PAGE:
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Pritzker expected to sign sweeping criminal justice reform bill

Chicago Sun Times

Monday, February 22, 2021  |  Article  |  Rachel Hinton

Pritzker, J.B.

The criminal justice bill was crafted and pushed by the Illinois Legislative Black Caucus. It passed by the General Assembly last month during the legislature’s lame duck session.

Gov. J.B. Pritzker was expected to sign a sweeping criminal justice bill into law Monday, moving Illinois closer to ending cash bail and requiring police officers to wear body cameras — moves that critics say will hurt public safety.

 

The criminal justice bill, HB3653, was crafted and pushed by the Illinois Legislative Black Caucus. It passed by the General Assembly last month during the Legislature’s lame duck session.

 

Along with bringing about the end of cash bail in the state, the bill creates a statewide certification program for police officers; mandates three phone calls for detainees; allows courts to move away from mandatory minimums and toward alternate sentencing; and, in Cook County, assigns special prosecutors in cases where there are police-involved deaths.

 

Some legislators and law enforcement groups urged Pritzker not to sign the bill, which they say will create “major public safety issues” for the state.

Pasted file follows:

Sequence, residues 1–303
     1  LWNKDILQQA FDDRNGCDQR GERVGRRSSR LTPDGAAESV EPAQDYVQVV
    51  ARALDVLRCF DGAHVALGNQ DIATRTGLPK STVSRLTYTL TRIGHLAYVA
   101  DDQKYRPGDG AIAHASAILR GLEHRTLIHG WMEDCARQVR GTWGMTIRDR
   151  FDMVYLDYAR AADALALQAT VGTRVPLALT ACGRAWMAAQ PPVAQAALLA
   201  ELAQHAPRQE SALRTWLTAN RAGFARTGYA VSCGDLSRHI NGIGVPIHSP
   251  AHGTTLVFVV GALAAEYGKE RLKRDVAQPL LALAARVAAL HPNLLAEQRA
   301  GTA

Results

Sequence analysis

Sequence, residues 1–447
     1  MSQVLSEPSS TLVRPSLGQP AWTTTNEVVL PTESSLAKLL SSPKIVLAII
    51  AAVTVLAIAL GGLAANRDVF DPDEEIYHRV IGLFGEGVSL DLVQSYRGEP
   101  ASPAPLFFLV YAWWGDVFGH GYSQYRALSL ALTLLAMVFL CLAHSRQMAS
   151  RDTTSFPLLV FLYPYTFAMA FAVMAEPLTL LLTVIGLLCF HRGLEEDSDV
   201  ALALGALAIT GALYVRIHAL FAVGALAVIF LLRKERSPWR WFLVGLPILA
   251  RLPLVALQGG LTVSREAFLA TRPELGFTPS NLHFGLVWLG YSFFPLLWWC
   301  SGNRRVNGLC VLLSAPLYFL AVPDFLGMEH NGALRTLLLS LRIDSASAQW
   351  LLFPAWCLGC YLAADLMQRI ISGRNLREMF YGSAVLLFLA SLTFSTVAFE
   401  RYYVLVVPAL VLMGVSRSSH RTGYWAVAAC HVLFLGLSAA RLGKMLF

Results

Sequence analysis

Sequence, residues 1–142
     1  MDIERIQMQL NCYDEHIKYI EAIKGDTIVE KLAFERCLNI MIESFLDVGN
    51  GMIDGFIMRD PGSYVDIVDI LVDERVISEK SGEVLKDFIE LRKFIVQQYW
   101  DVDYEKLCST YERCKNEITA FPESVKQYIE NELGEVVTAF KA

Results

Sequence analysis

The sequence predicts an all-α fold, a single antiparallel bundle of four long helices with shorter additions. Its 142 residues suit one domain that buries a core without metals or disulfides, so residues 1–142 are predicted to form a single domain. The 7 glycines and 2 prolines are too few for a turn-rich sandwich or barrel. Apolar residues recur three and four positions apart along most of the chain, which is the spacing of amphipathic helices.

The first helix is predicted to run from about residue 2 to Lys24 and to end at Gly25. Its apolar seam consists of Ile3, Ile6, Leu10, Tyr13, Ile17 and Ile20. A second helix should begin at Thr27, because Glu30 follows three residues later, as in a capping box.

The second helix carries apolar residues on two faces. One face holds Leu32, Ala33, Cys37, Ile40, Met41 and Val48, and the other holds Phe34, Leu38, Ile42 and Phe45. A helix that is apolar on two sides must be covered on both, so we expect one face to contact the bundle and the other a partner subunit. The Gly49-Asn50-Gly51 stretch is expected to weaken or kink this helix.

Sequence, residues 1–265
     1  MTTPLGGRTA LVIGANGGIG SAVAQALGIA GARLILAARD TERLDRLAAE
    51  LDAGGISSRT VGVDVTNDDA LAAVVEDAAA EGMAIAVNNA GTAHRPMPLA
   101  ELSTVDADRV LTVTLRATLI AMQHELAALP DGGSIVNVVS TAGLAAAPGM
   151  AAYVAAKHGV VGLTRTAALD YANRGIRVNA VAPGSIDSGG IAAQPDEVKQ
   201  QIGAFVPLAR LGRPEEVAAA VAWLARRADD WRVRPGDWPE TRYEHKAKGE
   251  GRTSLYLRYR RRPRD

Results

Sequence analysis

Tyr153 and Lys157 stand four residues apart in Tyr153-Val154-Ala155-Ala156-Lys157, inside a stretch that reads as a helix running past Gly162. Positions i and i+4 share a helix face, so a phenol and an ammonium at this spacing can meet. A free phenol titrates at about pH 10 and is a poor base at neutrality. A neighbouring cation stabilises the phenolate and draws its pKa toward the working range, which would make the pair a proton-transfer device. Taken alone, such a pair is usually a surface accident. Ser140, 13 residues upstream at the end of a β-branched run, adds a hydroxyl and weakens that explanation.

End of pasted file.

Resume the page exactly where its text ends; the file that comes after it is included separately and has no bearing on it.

House Republican Leader Jim Durkin said late last month the state must “thoroughly and carefully address police reform and criminal justice reform. It is the right thing to do.”

 

“I believe no person should have to live in fear of their government, and we must address those issues,” the Western Springs Republican said. “House Bill 3653 doesn’t do it. In short, it is a confusing, inoperable and contradictory attempt to reform policing and the criminal justice system.”

 

Sponsors of the bill have said complaints from law enforcement groups and Republicans are little more than “fear mongering.”

 

State Rep. Justin Slaughter, who helped steer the package through the House, previously told the Chicago Sun-Times there is time to collaborate with law enforcement on the implementation of the various parts of the bill.

 

The end of cash bail won’t go into effect until January 2023, and municipalities will be on a rolling compliance schedule to use body cameras with complete compliance by 2025, Slaughter said.

 

“In my opinion this is just the start of where we need to be with criminal justice reform,” Slaughter said. “We believe the provisions in the bill are sensible changes that need to be made.”